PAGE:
The Literature of Witchcraft

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Brian P. Levack
Taylor & Francis, 1992 - Body, Mind & Spirit - 339 pages
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First published in 1993. Routledge is an imprint of Taylor & Francis, an informa company.
  

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Contents

The Malleus
1
Dr John Weycr and the Witch Mania
33
Lambert Daneau 15301595
69
The Case of Jean Bodin
85
Nicolas Remy et la Sorcellerie en Lorraine a la fin du XVI Sieclc
105
The Debate between Wier Bodin
137
Robert Hollands
157
Religion
174
Witchcraft and Kingship
188
Some SeventeenthCentury Books of Magic
225
The Testimony of Martfn De Castaflegas
244
Inversion Misrule and the Meaning of Witchcraft
270
The Formation
300
The Scientific Status of Demonology
313
Acknowledgments
337
Copyright

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About the author (1992)

Brian Levack grew up in a family of teachers in the New York metropolitan area. From his father, a professor of French history, he acquired a love for studying the past, and he knew from an early age that he too would become a historian. He received his B.A. from Fordham University in 1965 and his Ph.D. from Yale in 1970. In graduate school he became fascinated by the history of the law and the interaction between law and politics, interests that he has maintained throughout his career. In 1969 he joined the History Department of the University of Texas at Austin, where he is now the John Green Regents Professor in History. The winner of several teaching awards, Levack teaches a wide variety of courses on British and European history, legal history, and the history of witchcraft. For eight years he served as the chair of his department, a rewarding but challenging assignment that made it difficult for him to devote as much time as he wished to his teaching and scholarship. His books include "The Civil Lawyers in England, 1603-1641: A Political Study (1973), The Formation of the British State: England, Scotland and the Union, 1603-1707 (1987)," and "The Witch-Hunt in Early Modern Europe (1987 and 1995)," which has been translated into eight languages.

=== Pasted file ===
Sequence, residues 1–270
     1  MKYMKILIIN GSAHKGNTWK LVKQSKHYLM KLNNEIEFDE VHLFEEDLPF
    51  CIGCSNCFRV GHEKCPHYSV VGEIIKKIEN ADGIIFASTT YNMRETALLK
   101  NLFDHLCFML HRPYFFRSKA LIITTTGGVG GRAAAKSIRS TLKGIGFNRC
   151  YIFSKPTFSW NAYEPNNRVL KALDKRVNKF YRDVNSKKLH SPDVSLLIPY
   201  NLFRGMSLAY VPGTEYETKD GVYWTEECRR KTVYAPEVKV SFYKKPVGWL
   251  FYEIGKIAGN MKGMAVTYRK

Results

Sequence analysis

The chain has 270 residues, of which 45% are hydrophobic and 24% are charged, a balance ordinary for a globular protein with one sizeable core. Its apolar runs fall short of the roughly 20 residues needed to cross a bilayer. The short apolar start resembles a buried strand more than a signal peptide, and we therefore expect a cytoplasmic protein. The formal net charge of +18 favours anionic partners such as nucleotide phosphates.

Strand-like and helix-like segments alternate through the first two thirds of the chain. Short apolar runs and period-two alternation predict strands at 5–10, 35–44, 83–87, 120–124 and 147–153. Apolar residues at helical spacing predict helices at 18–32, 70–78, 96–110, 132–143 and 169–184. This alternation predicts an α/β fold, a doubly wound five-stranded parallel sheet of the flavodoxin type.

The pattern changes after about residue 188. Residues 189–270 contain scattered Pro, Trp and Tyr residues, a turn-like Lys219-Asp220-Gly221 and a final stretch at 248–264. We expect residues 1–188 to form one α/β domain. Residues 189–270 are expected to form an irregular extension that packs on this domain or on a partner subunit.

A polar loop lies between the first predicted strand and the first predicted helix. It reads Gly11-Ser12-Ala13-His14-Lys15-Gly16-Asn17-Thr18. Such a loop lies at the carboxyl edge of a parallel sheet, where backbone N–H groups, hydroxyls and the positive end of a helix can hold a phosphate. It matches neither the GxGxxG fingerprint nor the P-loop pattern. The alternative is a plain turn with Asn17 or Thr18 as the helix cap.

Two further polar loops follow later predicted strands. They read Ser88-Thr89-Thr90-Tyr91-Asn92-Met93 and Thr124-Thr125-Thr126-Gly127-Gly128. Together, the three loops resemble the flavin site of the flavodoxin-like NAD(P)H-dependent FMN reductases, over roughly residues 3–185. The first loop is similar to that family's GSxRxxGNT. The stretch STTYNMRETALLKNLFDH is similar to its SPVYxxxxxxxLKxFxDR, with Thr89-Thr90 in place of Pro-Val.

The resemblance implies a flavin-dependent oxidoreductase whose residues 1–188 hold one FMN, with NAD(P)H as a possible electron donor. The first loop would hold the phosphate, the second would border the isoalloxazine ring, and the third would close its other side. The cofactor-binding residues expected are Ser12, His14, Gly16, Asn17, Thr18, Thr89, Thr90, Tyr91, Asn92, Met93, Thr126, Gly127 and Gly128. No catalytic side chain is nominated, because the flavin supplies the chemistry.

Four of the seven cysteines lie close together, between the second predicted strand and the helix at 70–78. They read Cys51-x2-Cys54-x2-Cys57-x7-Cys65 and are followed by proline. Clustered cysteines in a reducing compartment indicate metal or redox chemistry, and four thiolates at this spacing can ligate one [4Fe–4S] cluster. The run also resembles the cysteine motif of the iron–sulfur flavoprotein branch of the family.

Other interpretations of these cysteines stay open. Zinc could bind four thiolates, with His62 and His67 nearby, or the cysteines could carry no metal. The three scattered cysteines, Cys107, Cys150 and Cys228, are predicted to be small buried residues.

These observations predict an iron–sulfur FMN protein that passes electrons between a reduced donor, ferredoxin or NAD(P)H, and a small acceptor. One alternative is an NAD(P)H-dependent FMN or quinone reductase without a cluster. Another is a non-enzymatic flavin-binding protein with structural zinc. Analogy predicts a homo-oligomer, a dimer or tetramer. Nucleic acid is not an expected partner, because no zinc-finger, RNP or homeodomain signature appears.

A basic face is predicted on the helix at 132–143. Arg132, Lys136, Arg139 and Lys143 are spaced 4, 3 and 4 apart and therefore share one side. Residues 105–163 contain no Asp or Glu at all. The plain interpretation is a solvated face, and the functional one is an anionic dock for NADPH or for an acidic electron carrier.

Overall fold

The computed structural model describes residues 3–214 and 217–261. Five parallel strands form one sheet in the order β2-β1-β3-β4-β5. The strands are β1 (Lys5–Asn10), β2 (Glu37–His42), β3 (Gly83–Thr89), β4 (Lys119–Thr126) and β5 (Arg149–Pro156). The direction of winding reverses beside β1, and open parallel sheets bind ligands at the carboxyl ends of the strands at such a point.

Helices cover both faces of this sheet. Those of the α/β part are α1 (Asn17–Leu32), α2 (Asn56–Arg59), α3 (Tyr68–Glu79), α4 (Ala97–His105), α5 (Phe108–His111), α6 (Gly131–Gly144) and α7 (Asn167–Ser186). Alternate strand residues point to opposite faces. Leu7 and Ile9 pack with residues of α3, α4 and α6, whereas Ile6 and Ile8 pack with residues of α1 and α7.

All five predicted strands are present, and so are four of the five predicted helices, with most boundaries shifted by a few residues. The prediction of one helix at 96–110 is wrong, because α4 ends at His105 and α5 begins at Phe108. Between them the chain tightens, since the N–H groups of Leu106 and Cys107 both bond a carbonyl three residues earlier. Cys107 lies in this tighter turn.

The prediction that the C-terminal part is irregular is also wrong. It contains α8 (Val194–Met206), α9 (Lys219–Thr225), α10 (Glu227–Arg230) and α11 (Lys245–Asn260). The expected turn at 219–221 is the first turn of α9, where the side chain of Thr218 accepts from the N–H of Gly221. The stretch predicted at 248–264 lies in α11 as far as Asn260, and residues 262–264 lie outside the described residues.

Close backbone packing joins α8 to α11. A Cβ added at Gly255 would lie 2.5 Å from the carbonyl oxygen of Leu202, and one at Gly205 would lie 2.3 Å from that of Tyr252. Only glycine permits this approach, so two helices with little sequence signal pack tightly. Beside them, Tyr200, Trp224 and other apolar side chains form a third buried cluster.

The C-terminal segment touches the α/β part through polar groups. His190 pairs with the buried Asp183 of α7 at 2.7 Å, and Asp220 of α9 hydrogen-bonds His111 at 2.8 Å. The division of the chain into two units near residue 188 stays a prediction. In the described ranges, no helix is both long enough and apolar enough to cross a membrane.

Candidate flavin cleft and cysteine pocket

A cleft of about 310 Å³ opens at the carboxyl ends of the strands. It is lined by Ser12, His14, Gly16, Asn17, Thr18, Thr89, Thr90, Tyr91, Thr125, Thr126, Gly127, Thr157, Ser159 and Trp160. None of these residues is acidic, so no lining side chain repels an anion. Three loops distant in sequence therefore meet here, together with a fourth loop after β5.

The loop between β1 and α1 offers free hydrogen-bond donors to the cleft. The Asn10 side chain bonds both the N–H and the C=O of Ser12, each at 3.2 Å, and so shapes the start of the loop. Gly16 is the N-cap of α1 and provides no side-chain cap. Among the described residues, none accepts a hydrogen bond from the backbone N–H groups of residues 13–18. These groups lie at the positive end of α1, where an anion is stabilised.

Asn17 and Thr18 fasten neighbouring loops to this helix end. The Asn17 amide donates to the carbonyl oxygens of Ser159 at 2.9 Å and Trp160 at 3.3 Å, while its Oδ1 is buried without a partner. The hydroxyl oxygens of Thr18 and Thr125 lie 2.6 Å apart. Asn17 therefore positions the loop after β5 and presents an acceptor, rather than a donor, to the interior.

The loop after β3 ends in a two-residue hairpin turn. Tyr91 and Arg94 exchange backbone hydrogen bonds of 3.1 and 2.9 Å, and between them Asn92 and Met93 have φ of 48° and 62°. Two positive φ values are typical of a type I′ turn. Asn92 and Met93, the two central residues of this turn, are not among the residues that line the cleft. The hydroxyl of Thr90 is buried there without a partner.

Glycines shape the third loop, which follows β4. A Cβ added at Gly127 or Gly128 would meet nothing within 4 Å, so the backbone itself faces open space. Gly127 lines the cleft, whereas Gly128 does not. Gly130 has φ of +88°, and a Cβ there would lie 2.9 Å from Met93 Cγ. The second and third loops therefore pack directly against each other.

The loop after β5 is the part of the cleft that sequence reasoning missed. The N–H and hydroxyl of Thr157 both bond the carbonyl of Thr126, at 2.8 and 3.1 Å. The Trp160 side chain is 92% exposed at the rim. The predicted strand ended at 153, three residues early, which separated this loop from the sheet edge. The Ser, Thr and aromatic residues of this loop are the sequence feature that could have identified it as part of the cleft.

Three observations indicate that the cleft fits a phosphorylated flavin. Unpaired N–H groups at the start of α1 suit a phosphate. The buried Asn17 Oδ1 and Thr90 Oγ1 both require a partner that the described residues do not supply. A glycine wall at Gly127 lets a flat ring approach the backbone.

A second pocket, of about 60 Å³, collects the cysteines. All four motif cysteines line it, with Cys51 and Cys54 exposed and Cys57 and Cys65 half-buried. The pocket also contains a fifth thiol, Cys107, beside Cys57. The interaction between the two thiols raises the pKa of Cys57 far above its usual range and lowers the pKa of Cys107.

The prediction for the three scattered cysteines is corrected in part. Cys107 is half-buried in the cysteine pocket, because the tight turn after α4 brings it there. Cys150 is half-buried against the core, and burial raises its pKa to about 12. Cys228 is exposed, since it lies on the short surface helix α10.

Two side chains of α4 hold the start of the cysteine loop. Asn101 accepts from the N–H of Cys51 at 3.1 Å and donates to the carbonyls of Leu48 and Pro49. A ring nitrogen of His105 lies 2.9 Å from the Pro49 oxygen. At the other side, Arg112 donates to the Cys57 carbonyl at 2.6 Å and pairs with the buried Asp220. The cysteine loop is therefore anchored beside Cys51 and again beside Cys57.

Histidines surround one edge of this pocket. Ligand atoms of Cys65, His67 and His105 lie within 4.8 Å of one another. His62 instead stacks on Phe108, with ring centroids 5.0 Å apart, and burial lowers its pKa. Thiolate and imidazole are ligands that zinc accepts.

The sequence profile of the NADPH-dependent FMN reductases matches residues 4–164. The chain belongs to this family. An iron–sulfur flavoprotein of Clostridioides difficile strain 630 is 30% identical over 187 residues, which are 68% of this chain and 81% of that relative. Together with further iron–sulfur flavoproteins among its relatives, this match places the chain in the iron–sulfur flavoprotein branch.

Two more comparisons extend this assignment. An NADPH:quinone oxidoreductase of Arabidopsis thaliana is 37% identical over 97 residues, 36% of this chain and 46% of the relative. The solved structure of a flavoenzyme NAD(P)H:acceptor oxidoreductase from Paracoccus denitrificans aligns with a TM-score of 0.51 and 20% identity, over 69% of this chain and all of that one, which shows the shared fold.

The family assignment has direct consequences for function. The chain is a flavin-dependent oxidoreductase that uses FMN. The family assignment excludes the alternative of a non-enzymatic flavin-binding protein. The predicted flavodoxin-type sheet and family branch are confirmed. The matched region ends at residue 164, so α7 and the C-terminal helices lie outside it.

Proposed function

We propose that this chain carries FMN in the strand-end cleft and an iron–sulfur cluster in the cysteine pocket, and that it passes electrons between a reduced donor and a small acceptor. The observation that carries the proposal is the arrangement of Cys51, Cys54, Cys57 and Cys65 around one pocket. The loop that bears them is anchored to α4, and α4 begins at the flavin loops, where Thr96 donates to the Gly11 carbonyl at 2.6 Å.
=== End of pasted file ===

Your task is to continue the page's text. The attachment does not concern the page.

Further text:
His study of the development of beliefs about witchcraft in Europe over the course of many centuries gave him the idea of writing a textbook on Western civilization that would illustrate a broader set of encounters between different cultures, societies, and ideologies. While writing the book, Levack and his two sons built a house on property that he and his wife, Nancy, own in the Texas hill country. He found that the two projectspresented similar challenges: it was easy to draw up the design, but far more difficult to execute it. When not teaching, writing, or doing carpentry work, Levack runs along the jogging trails of Austin, and he has recently discovered the pleasures of scuba diving.

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